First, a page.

Friday Group Ride #281

Friday Group Ride #281

Forget jetpacks. Humans do a crappy enough job navigating in 2D space. Add another dimension and it would just be carnage raining from sky. When the future arrives, I sincerely hope crappy jetpackers aren’t careening down on my head while I eat astronaut ice cream. That’s not my idea of progress.

What I really see is pretty good. A day approaches when we won’t drive our cars anymore. We’ll be part of a generation able to say, “Oh, I knew how to drive. It was awful,” and young people will look at us incredulously as they eat astronaut ice cream and ponder a time when a liberal arts degree still seemed like a good idea.

When cars drive themselves a few big benefits will come our way. First, we’ll be safer. The mood or attention of the occupants of the vehicle will no longer play games of capricious chance with our mortality. And they’ll be quiet. I’ve heard smart people argue that cars need to be loud, so that pedestrians and cyclists can hear them coming. Imagine a world devoid of car sounds.

Look, I’m not trying to vilify the automobile or perpetuate the oppositional dichotomy of car vs. bike. I’m a driver, too, and I realize how integral independent movement is to our decentralized ways of life. We will always need to move around and transport our stuff, but there has to be a brighter future as technology advances and fossil fuels retreat.

Affordable eBikes, which are already surgingly popular in Europe, could reduce the number of vehicles on the road as drivers, currently disinclined to arrive sweaty, to their next destination, find an economical solution that gets them out of the flow of traffic.

I’m no futurist, a profession I can scarcely believe exists, but somehow in my mind the bicycle is a major player in our future days, one of man’s more perfect inventions, a vehicle that cleverly multiplies our power without requiring outside input. Maybe I’m just a romantic or a steam punk. Has anyone seen my top hat and monocle?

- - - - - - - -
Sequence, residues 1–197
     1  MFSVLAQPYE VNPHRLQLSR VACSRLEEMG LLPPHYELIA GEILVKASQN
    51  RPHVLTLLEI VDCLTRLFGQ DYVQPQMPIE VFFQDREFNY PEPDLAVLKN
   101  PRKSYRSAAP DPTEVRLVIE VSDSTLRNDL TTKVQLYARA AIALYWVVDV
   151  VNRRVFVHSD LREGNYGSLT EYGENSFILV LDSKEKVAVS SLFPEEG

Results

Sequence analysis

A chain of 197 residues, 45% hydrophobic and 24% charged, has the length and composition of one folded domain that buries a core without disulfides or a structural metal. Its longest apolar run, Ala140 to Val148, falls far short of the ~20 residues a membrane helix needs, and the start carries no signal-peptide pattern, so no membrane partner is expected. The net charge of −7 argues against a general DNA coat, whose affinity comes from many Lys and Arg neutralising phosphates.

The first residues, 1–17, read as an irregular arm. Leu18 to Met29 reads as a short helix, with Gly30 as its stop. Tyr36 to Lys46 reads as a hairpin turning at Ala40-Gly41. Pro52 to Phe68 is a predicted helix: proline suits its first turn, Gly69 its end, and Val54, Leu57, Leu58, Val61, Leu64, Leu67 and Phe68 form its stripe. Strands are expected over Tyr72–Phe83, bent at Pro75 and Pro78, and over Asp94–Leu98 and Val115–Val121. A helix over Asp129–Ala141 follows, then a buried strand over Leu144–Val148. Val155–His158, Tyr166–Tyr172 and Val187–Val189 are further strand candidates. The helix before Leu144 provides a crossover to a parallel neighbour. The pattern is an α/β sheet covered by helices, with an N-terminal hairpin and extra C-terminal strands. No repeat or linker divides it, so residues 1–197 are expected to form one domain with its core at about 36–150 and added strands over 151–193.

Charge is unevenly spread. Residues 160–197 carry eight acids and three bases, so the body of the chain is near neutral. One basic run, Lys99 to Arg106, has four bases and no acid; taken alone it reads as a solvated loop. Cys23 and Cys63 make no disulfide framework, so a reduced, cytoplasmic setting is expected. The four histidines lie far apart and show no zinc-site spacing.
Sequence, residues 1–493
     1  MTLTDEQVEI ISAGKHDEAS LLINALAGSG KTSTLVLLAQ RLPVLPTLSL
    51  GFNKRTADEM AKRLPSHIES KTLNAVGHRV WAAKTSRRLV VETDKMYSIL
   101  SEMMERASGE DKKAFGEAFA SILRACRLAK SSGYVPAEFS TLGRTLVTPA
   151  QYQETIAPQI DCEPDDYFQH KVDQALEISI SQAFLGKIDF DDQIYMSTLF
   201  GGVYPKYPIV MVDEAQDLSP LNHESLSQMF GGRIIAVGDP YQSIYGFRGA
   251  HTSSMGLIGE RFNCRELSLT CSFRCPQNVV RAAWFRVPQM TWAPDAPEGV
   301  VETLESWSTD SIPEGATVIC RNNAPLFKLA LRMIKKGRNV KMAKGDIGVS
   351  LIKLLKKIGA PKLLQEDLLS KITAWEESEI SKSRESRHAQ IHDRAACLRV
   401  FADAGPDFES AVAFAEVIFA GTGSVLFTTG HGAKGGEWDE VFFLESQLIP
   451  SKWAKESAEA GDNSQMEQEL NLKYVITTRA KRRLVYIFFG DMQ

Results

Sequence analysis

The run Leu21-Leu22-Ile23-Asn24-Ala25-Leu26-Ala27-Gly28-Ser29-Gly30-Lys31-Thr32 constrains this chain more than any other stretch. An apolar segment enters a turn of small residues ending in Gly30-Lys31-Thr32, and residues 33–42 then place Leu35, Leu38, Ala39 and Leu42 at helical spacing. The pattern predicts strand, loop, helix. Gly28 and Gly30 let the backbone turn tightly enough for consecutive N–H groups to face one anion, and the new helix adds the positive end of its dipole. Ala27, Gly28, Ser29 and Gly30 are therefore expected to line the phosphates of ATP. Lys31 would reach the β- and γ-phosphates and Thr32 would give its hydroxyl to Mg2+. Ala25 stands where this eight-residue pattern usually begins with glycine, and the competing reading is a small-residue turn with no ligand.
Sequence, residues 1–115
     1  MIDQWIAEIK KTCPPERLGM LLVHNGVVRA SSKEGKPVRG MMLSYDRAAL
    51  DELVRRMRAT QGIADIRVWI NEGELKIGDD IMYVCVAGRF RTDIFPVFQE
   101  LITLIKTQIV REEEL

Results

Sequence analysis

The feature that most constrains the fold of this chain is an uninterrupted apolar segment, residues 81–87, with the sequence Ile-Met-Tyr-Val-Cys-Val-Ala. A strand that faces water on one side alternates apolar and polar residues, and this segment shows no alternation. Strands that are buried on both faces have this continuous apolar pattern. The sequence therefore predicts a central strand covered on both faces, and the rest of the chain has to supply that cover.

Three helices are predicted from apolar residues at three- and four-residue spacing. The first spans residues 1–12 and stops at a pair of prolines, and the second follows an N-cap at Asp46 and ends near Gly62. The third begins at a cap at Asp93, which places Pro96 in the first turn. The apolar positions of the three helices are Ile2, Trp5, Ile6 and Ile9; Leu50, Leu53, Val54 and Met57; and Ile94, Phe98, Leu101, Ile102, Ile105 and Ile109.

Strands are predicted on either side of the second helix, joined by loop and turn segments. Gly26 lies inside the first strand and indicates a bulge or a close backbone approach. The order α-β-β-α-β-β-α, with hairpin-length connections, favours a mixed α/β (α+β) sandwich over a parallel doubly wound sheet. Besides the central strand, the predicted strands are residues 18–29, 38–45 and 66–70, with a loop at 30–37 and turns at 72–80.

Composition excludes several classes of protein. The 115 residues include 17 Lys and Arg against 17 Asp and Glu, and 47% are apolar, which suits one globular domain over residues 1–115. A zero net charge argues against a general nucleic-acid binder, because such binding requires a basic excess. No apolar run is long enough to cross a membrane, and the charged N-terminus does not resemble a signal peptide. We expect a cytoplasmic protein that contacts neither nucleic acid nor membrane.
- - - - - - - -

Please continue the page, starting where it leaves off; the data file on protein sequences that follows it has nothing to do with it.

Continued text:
I do have one of those liberal arts degrees. So…

This week’s Group Ride asks what your future looks like? Is the scene I painted completely unrealistic? Why? Let’s not get hung up on the scarier consequences of global warming. Those will come. We’ll adapt. But how will we adapt? How will we get around?

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  1. Jan

    I see a strong future for people with liberal arts degrees, whether we’re on bikes or flying with jetpacks. And the folks who study such things and who talk to employers will tell you the same, and better! Here’s a link to the AAC&U (American Association of Colleges and Universities) website:

    I’m not affiliated officially with them in any way, but as someone with roots in both the sciences (BS, zoology) and liberal arts (PhD, English), I find their work helpful!

    (I really don’t look forward to automatic cars. But then, maybe I’ve just had too many problems with computers trying to enforce some default that isn’t what I’m trying to do? And besides, I want to be able to pull over and stop to offer assistance to a biker who’s got a flat! Or, more likely, to have another driver stop to help me when I flat.)

  2. Greg

    My future is riding a new road bike that looks like a steel road bike but it is in fact carbon fiber and stupidly lightweight & stiff. It will have an onboard computer that will house all my ride stats and my music for the ride too. The main frame tubes will be impregnated with solar panels to keep the computer charged up. It will have inset lights that will go on automatically when the computer senses twilight coming on. It will also be impervious to any change in standards that will come along in the near future. I hope.